Then you'll want to head over to my favorite camera review site DPreview. They have just launched a printer review feature and begin with a comparison of three multi-function printers from Canon, Epson and Hewlett-Packard. There are also two great articles on the types of photo printers available and suggestions for getting the most from your new photo printer. Check this out!
dpreview printer hub
July 23, 2011
July 16, 2011
|Photographed with Sunny 16 exposure|
A few weeks ago I posted a short article with links to information about how to get good exposures in bright sunlight. One of the techniques I didn't include was a method of exposing for photographs called "Sunny 16". This technique requires a camera that lets you set the ISO, aperture (lens opening) and shutter speed (time) manually. Using the Sunny 16 "rule", you ignore your camera's meter and set the controls for exposure according to the Sunny 16 guidelines.
I learned about Sunny 16 from Neil Chaput de Saintonge, founder & owner of the Rocky Mountain School of Photography. Much to my delight, he has republished his article describing how to apply this technique on the school's blog. Check out the series of articles and give Sunny 16 a try while we enjoy the summer sun.
Sunny 16 Exposure without a Meter: Part 1
(P.S. If you ever shot Kodak film, you might recognize some of the techniques in Neil's articles as the same ones that appeared on the inside of the box.)
July 11, 2011
|Adobe Photoshop Lightroom 3|
Then check out Laura Shoe's Lightroom Fundamentals: Workshop on DVD. It contains 36 different videos, a total of 6.5 hours of training. Laura is an ardent fan of Lightroom and an experienced, Adobe certified instructor. I know you'll learn a lot from watching.
July 5, 2011
|Pushing up Poppies|
A while back I posted an article that talked about photographing with a compact digital camera without looking at the screen or through the viewfinder. Well, I've been doing that again. It's a great way to turn the "lemon" of not being able to see an image on your camera's screen into "lemonade"!
I went out in the middle of the day to try my hand and camera at making good photographs in bright, midday light. I used several of the techniques listed in these articles. Since these are exactly the kind of conditions that make framing a picture with the LCD monitor difficult, I relied on "not looking" to make my photos. My goal was to make images that conveyed the feeling of dazzling bright light and the height of summer.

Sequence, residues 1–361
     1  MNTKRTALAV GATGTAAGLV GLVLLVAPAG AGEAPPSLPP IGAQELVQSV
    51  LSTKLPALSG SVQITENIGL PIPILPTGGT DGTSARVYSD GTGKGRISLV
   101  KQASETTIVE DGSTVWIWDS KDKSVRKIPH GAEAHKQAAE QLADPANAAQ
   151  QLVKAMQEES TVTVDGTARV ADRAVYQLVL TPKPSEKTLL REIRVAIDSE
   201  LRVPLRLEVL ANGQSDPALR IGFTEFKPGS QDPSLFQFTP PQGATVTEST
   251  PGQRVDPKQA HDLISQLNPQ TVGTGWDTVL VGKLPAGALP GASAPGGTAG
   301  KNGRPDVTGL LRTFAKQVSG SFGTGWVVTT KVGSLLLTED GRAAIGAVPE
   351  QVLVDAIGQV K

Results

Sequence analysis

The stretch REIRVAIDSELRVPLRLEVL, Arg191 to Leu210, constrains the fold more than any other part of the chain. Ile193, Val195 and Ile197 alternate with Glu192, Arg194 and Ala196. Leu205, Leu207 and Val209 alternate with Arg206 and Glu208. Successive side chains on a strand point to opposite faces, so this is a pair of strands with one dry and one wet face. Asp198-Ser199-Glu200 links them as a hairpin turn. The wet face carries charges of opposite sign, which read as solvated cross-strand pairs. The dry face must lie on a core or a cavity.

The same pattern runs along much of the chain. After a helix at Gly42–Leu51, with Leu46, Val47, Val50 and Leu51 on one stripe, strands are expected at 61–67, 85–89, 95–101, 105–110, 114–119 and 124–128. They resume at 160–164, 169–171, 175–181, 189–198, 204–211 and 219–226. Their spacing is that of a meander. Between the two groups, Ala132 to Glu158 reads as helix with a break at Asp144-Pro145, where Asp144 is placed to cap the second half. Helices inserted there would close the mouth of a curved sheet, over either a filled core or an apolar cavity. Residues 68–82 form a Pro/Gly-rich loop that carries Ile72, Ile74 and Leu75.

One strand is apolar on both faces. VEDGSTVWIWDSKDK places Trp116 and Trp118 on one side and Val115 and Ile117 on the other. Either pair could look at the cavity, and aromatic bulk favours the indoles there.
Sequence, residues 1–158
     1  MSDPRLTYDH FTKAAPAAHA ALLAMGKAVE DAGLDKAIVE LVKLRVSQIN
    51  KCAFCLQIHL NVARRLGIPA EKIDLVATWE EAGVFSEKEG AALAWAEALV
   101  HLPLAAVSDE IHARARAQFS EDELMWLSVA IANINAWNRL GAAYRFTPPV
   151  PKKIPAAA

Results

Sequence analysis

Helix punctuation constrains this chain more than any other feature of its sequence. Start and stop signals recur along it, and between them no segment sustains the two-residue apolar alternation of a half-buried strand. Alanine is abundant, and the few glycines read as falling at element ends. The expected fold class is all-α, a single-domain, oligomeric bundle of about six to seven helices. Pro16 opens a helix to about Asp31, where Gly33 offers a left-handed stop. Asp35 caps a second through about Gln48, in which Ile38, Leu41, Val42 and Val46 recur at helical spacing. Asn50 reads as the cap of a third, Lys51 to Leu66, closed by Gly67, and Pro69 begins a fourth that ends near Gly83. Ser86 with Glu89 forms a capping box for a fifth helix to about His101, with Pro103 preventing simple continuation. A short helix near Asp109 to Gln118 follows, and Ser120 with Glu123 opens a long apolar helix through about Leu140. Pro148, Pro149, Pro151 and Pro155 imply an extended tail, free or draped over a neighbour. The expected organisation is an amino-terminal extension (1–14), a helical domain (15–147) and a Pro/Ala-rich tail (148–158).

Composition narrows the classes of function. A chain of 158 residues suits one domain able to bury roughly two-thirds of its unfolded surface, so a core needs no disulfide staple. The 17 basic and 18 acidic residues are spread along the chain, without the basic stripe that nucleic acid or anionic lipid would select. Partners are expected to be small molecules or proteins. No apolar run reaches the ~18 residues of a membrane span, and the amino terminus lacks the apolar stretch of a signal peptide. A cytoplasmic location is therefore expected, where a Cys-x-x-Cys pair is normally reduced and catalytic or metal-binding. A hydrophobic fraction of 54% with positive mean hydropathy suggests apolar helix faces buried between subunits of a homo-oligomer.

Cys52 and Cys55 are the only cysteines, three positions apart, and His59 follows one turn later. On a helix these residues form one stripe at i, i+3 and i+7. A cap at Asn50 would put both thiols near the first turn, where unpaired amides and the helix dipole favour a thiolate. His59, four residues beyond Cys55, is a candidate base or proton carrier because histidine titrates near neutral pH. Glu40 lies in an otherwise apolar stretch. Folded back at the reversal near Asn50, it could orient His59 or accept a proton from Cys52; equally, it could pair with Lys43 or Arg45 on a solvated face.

To get sharp focus with my camera close to the subject, I turned on macro focusing (the little flower icon). And since I purposely was shooting into the sun, I used the fill flash (or forced flash) setting to reveal the details in the underside of the flowers.
I also set the camera to Aperture Priority exposure mode (A or Av on the exposure mode dial) and chose the largest number (for this camera f/8). In addition to helping keep everything in the image sharp, this also created the starburst effect when I included the sun in the frame.
Give these ideas a try and see what new images you can make!
July 4, 2011
|Captain Bob's Flag, Lewistown, Montana|
A colleague of mine, Larry Blackwood, has an on-going project called Patriot's Dream in which he photographs American (and sometimes Confederate) flags in unusual places. In honor of Independence Day, I'm sharing my flag photos. Celebrate the day!
|Flag, Hendersonville, North Carolina|
July 1, 2011
It's America's Independence Day weekend (the official day is July 4, Monday) and people and communities around the nation will be celebrating with fireworks, a tradition since 1777! It's great fun to make pictures of the pyrotechnics. You can read my original article on the subject here.
The pictures in this article were taken with a DSLR using a 105mm lens with a cable release on a tripod. Exposures were f/11 @ ISO 400 for 1 or 2 seconds. I actually placed the shutter speed on Bulb and held the shutter open with the cable release button for each burst. I found I could time the explosions better this way than using the camera for the length of the exposure.
These images are also heavily cropped to remove a nearby electrical pole and tree branches I failed to see in the dark! Check your surroundings before shooting!
Also check out two excellent articles from the New York Institute of Photography. They cover both the professional displays and the type of fireworks you might celebrate with in your own backyard.
Fireworks Photos or Have Fun on the Fourth of July
Fireworks Pictures: Photographing Fireworks in Your Backyard
Have fun and Be Safe!